London Classic Theatre presents Harold Pinter's darkly comic work, in which down-and-out Davies is kindly taken in by not-all-there Aston. Their new arrangement is disrupted by Mick – Aston's streetwise younger brother – and a power struggle begins. Alliances shift and grand ideas are formed, but as the three men are stifled by their own inertia, it becomes apparent that their lives are unlikely ever to change.
Nicholas Gasson is convincing as the wide-eyed, querulous old Davies, and John Dorney is wonderfully intimidating as deadpan, frustrated Mick. However, Richard Stemp's understated performance as Aston is the most captivating – his often comic monosyllables building to a surprising, heartbreaking monologue as he recalls his time in “hospital”.
The cast copes admirably with the rhythm of Pinter's text, and there isn't a word out of place in this complex verbal ballet. Michael Cabot's direction gives the trio some great comic moments such as the three-way struggle with Davies' bag – which also neatly illustrates the forces at work between the men.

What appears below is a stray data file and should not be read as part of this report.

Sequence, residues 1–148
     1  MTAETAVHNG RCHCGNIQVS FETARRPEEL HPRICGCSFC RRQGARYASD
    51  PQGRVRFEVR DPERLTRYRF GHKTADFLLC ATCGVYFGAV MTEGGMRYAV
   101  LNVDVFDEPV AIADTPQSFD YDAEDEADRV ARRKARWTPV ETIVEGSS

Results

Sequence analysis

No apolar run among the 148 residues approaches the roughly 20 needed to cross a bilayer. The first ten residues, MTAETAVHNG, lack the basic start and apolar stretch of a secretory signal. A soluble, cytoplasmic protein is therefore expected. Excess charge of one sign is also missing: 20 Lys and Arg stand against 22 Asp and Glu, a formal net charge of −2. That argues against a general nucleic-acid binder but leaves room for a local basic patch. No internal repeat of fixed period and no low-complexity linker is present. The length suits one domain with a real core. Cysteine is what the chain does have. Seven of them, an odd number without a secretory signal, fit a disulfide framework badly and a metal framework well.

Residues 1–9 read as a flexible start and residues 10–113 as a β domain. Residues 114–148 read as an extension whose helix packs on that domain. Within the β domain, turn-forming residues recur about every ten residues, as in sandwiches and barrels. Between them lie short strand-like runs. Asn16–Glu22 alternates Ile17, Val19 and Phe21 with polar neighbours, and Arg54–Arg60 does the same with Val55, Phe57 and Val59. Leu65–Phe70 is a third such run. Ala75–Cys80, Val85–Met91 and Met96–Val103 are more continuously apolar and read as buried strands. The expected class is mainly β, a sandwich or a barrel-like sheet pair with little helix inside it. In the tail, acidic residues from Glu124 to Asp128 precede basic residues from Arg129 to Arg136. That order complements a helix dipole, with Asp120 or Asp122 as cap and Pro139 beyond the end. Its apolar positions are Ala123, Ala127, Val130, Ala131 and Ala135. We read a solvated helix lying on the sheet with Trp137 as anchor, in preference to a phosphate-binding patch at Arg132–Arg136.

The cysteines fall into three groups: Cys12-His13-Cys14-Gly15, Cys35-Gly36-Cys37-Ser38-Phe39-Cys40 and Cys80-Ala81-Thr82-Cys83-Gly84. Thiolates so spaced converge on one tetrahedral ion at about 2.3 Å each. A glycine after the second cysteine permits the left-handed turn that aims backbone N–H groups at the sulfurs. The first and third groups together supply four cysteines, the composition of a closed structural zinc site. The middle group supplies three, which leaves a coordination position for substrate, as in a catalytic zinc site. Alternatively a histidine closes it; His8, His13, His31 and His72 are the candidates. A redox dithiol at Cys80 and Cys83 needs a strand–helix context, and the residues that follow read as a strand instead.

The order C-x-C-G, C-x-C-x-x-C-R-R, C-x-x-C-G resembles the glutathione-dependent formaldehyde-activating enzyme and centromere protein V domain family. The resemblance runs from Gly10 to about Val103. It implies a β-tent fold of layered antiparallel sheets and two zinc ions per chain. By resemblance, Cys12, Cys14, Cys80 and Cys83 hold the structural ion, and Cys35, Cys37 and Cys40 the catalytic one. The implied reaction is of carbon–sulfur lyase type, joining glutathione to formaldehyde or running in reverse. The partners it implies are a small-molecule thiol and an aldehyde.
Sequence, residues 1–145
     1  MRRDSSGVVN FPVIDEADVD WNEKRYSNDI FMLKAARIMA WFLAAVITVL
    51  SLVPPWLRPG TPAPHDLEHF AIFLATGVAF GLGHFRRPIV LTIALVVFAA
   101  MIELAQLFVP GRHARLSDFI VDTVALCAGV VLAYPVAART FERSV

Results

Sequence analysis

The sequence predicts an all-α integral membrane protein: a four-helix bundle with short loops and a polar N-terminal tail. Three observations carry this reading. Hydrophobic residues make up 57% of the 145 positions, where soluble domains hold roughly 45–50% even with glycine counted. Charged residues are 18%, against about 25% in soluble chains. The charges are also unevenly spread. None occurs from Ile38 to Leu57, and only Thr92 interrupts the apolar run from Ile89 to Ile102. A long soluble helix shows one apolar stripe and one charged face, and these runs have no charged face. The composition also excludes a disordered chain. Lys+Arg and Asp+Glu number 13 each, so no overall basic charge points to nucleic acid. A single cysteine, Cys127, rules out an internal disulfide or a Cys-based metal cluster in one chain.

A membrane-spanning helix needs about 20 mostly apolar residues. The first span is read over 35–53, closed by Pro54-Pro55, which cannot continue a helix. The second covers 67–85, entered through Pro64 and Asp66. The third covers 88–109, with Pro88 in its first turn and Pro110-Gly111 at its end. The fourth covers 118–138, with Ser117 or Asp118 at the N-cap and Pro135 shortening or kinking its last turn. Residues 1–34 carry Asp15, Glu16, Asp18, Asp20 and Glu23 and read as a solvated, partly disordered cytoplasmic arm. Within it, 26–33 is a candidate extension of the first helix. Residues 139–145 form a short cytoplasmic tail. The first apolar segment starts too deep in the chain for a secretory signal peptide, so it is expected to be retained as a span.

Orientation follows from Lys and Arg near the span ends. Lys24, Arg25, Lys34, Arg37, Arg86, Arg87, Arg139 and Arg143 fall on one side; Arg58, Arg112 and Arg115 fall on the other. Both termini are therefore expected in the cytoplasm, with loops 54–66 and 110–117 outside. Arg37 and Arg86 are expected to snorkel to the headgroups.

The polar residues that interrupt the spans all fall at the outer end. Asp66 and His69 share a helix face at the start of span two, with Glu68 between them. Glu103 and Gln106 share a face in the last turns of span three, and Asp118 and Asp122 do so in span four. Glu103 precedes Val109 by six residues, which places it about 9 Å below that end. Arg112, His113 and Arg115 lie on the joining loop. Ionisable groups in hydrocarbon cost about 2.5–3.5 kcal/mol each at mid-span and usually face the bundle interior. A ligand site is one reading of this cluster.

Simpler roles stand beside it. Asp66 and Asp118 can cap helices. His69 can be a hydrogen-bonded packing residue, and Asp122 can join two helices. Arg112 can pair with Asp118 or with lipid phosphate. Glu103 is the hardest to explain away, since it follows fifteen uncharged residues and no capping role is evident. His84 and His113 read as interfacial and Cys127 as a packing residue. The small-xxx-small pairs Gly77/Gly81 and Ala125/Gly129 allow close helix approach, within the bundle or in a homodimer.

It's a shame that due to the natural emphasis on Pinter's sparkling dialogue, there are only a few instances in which the characters' physicality is explored, and at times the intensity of their emotion cries out for more movement on stage. It would also be interesting to see them interacting more with Geraldine Bunzl's towering, tumbledown attic set, which largely remains a backdrop.
As a great example of Pinter's ability to create drama in surprisingly ordinary settings,The Caretaker is certainly worth a look. However, with more imaginative staging – and emphasis on the individual characters' physical traits – it could be made more accessible to a modern audience.